Reform in health services
Why is measles going on a rampage and has become an epidemic in several places? It is not difficult to see the primary reason. What a big joke that Health Secretary
Enrique Ona is blaming a foreign virus for it!
Measles is a preventable illness and should not occur anymore if only there were preventive local (barangay) healthcare services available to the population. The 1960s, 1970s and 1980s were the glorious years of primary healthcare and preventive healthcare services. Those were the days when preventable diseases that could be licked with immunization were addressed through the “expanded program on immunization.” This program was a major responsibility of public health nurses at the local level. These nurses were specially prepared for public health work, and they were the bulwark of health education campaigns for immunization, maternal and child healthcare, sanitation, oral rehydration for diarrhea, and community health organizations.
At present, the quantity and quality of local health services leave so much to be desired. Since the local government units became primarily responsible for providing healthcare services in their respective jurisdictions because of the devolution law, many local health services have gone awry. Every time there is a report on the rise of certain diseases like HIV, tuberculosis and, now, measles, the Department of Health goes into massive information campaigns and plays an active role in immunization work. But as we all know, these campaigns last only for as long as the problem being addressed is “hot news,” which speaks volumes about our “ningas cogon” culture.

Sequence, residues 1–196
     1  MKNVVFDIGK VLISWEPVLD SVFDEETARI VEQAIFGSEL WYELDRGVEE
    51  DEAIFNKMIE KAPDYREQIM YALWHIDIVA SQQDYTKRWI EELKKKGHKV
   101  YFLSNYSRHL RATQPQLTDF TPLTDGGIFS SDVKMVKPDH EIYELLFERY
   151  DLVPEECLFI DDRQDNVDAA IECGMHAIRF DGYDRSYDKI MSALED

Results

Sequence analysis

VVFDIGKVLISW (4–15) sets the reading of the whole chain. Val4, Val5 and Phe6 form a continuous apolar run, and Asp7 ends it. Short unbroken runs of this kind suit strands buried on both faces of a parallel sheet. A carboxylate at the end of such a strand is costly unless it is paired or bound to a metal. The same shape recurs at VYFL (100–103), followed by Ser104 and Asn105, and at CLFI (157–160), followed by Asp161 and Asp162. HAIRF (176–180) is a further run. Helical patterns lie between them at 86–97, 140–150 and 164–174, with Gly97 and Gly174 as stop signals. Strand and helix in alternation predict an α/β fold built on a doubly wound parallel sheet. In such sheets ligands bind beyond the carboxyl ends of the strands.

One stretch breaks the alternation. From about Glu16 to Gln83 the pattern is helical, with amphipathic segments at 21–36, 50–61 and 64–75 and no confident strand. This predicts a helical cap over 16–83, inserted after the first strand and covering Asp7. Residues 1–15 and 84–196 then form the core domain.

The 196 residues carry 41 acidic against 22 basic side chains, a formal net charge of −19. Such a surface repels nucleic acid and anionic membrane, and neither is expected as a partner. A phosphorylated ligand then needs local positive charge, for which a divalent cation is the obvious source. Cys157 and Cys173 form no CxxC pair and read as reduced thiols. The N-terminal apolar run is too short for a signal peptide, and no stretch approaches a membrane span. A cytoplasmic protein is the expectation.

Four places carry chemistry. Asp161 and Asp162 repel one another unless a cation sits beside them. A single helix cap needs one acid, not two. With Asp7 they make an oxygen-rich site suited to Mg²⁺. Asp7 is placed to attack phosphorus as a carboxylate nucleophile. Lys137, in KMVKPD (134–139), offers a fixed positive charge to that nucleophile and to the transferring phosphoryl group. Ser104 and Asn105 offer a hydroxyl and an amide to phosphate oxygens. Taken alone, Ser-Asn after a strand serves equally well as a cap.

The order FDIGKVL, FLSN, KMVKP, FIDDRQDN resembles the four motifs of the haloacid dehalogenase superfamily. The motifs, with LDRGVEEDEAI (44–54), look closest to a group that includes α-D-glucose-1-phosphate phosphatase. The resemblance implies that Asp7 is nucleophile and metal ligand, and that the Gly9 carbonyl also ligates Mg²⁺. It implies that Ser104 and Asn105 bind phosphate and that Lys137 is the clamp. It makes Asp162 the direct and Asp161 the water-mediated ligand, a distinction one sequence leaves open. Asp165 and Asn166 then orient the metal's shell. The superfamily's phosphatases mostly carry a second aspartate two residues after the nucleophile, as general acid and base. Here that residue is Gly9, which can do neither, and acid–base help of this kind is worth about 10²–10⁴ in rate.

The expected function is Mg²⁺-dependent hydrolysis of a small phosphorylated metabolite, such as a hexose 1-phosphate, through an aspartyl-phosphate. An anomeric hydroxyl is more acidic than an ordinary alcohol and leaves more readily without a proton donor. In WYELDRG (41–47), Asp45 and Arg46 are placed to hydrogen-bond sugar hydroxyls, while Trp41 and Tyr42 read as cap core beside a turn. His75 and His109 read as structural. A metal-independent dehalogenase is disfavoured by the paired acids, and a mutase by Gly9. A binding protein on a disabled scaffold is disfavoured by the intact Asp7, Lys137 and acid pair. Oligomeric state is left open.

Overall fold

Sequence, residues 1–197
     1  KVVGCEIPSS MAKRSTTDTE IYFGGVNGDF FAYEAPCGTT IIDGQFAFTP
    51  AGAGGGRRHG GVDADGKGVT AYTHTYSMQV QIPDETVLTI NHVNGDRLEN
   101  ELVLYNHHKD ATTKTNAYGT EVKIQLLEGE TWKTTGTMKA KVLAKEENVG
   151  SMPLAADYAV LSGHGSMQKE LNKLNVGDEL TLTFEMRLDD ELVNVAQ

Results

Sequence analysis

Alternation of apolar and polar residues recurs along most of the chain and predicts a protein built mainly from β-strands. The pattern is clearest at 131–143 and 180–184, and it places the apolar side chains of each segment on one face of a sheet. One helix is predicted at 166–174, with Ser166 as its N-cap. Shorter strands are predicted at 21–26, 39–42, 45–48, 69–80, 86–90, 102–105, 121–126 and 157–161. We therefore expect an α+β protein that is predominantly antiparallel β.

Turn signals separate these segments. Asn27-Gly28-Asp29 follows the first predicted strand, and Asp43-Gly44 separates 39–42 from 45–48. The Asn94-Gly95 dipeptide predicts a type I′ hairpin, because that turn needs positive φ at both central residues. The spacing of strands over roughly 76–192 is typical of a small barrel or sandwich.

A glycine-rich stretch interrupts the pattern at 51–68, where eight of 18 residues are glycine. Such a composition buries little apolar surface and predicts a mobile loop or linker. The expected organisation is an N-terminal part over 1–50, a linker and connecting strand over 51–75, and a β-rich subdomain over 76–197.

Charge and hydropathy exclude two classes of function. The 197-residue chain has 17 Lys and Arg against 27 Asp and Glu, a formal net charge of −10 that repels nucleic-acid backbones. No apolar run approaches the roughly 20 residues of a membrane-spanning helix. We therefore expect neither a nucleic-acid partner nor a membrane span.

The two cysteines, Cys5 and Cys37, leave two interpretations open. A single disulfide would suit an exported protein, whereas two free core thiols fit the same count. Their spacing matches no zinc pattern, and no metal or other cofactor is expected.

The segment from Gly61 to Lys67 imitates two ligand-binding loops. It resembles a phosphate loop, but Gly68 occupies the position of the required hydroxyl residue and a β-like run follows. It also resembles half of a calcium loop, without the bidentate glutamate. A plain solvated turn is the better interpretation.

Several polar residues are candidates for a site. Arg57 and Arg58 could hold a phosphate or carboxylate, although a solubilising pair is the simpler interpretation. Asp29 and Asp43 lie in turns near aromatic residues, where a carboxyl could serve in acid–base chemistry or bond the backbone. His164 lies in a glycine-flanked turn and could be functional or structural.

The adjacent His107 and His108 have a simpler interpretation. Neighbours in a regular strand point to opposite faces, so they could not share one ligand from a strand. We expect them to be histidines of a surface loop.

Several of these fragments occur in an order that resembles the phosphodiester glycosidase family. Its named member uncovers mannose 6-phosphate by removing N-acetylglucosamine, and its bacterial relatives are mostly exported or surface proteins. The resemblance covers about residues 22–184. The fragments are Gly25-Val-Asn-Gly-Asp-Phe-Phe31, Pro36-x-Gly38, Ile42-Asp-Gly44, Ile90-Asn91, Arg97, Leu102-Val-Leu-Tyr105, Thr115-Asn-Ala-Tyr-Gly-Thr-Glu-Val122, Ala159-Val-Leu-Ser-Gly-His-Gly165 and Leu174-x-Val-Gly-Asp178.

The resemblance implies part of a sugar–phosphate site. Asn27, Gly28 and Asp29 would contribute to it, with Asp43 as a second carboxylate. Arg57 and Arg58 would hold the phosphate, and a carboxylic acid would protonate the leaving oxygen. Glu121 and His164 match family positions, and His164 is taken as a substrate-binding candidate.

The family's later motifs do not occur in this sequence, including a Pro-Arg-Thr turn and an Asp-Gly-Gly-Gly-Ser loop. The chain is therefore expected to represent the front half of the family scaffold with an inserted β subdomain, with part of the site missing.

Indeed there is a dire need to make basic care accessible, available and affordable to every Filipino. But for this to be realized for the benefit of the very many Filipinos deprived of basic health services, this country’s present healthcare system must undergo reform. Many countries in the world, especially the poor ones, have strong primary healthcare services that our country barely can provide. The health condition of Filipinos, especially the poor, will worsen if the persisting high level of inequity is not adequately addressed. As Rep. Leah Paquiz said in a privilege speech, “In our country, given the same illness, the rich will survive and the poor will die.”
It is hoped that this observation of Representative Paquiz will be taken to heart by many politicians who have the power to review the marked decline in the quality and quantity of healthcare since the passage of the devolution law. These politicians should help strengthen local healthcare services especially those involving preventive measures. As has been said, “An ounce of prevention is better than a pound of cure.”
—DR. AMELIA MANGAY-MAGLACAS,
Nurses’ Initiatives For Change,
147 Panay Avenue, Quezon City
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